Fashion Revolution starts with you. As a consumer, you have the power to make the change.
Your shopping habits influence what the industry offers. By choosing unsustainable clothes, not caring about where they come from, who made them, or what is in them, you give the industry a signal that you are OK with that, and they can produce more of the same. On the other hand, if you demand sustainable products that are not produced at the expense of the environment and people, companies will adapt, and more will join the sustainable fashion revolution.
Fashion is the second most polluting industry
Fashion carbon footprint is tremendous. Fast fashion industry is the second most polluting industry in the world, right after the oil industry. It affects our planet and its resources in every stage of making clothes — from farming, through textile and clothes production, all the way to the final destination – landfills. The textile and fashion industry is over-exploiting natural resources like plants and water. The pesticides used by farmers to protect yield, and chemicals used to bleach and color textiles can harm the environment and people’s health.
Did you know that it can take more than 20,000 liters of water to make cotton for one T-shirt or one pair of jeans, or that up to 8,000 different chemicals are used to turn raw materials into clothes? And the environmental impact doesn’t stop when clothes are finally made. The scraps from the production of clothes and the enormous quantities of clothes consumers throw away when they don’t need them anymore end up in landfills.
There is another aspect of unsustainability in fashion. Seeking the cheapest possible production in such a labor-intensive industry as the textile and clothing industry has forced many fashion brands to outsource a lot of production to developing countries with lower working condition standards. When safety standards are being neglected, accidents happen. Like the one in Rana Plaza in Bangladesh on April 24, 2013, when 1,134 people were killed during a building collapse.
That event awakened the international community to raise their voices to try to make a fashion an industry which values people, the environment, creativity, and profits in equal measure. April 24th has been declared Fashion Revolution Day, a week before the Fashion Revolution Week, with the aim to bring together people around the world and raise awareness of the true cost of fashion, show that change is possible, and celebrate those involved in creating a more sustainable future.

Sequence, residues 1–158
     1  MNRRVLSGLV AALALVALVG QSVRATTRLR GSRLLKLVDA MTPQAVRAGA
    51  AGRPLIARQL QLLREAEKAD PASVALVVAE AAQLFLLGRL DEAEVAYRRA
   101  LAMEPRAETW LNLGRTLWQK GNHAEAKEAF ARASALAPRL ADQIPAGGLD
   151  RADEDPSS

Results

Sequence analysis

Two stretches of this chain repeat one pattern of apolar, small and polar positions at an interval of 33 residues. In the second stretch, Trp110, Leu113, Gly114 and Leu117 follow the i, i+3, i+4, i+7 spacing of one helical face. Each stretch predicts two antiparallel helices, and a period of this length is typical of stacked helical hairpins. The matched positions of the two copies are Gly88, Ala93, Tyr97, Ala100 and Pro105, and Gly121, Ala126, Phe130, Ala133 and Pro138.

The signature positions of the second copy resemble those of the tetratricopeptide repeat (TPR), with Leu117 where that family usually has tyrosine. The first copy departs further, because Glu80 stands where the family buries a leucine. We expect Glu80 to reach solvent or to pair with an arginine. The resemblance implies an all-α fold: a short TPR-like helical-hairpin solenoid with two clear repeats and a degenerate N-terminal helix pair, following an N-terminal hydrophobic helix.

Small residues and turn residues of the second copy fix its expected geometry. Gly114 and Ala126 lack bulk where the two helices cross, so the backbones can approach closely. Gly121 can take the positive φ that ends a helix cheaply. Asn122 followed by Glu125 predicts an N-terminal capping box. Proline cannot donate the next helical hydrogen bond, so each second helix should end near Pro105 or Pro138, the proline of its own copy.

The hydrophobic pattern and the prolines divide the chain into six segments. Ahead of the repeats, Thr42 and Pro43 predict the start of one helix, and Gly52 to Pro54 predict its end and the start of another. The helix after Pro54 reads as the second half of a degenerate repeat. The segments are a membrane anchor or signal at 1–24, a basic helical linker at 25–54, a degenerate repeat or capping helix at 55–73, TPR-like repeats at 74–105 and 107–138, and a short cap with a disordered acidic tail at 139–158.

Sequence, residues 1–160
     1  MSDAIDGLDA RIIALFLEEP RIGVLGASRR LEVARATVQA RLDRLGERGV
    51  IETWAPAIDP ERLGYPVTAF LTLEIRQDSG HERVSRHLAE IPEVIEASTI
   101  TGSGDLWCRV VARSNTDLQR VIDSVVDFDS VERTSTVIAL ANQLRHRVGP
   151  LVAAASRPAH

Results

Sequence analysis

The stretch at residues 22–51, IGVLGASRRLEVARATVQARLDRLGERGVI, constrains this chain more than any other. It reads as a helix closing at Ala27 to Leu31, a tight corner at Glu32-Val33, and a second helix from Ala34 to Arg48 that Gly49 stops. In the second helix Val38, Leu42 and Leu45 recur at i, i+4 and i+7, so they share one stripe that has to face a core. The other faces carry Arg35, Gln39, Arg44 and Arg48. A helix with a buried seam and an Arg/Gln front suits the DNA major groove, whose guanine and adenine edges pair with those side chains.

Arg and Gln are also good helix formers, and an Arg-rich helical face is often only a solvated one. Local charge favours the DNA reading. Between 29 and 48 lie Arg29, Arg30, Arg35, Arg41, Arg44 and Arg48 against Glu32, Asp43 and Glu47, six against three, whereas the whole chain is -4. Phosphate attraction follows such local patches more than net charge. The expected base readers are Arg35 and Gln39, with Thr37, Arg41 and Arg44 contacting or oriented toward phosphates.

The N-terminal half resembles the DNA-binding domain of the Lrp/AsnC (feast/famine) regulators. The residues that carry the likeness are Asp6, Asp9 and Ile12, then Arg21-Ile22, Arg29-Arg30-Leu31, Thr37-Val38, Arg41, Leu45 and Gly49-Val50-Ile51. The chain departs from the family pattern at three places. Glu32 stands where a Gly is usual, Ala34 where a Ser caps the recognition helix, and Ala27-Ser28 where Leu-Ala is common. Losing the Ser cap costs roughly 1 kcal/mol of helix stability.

To change fashion, you need transparency
Fashion revolution can start with transparency. Look deep into final products and materials in them, ask who made them, how they were made, what’s their environmental and social burden. Ask questions that span the entire lifecycle of your clothes – from raw materials and production to the end of their lifecycle.
The problem is that fashion brands don’t always know the answer. The environmental and social impact of the fashion item during its whole life is not visible in the final product, and it’s easy to lose track of it in a long and complex supply chain. The Fashion Revolution initiative found out that many big fashion brands didn’t even know which factories produced their products, even less knew about materials further down the supply chain.
There is a sustainable way to make nylon
We can’t claim this for all materials used in the fashion industry, but we can show you that one of them – nylon – can be made in a sustainable way. It’s called ECONYL® yarn. Its story began in 2007 with Aquafil’s firm decision to make a sustainable nylon yarn, completely from waste.
ECONYL® yarn is a 100% regenerated nylon, made from waste materials, such as fishing nets, discarded carpets and other waste, and can be recycled indefinitely without losing its original properties. Producing nylon from waste instead from oil brings many environmental benefits; measured in CO2 emissions, it saves 100,000 tons CO2 a year.
There are also other benefits, created in partnerships. By reclaiming carpets, which would otherwise be discarded, we divert waste from landfills, and by reclaiming ghost fishing nets we, with our initiative Healthy Seas, help clean oceans and save marine life. We partnered with Speedo to create a pilot take-back program, the first of its kind for the swimwear industry. This partnership enables fabric scraps left over from the swimsuit production process to be upcycled into 100% regenerated ECONYL® fiber instead of just becoming waste.
Many players in fashion industry, big and small brands, are already working hard to become sustainable. We are proud that many have chosen ECONYL® yarn as a fabric in their clothes, and we are happy to show them how we make ECONYL® yarn.
Learn more about our partnerships with fashion brands in the latest news:
- ECONYL® yarn for the first time into Levi’s jeans
- Auria London telling the story of the ECONYL® yarn behind the scenes
- New video by Outerknown shot in our ECONYL® Plant
- Scraps to Swimwear
Choose smart, choose sustainable
As a consumer, you have a choice: you can choose cheap fast fashion, knowing it was made with huge environmental and social burden, or you can choose sustainable brands, which care about those issues and are able to show you how their products are made. Be curious, check labels, look for materials used, check their websites for sustainability practices, and ask them questions about how their clothes are made.
If you’re looking for a sustainable fabric, you can be sure ECONYL® nylon yarn is a good choice.
Explore clothes, made with ECONYL® fabric:
Explore ECONYL® and FASHION on Pinterest.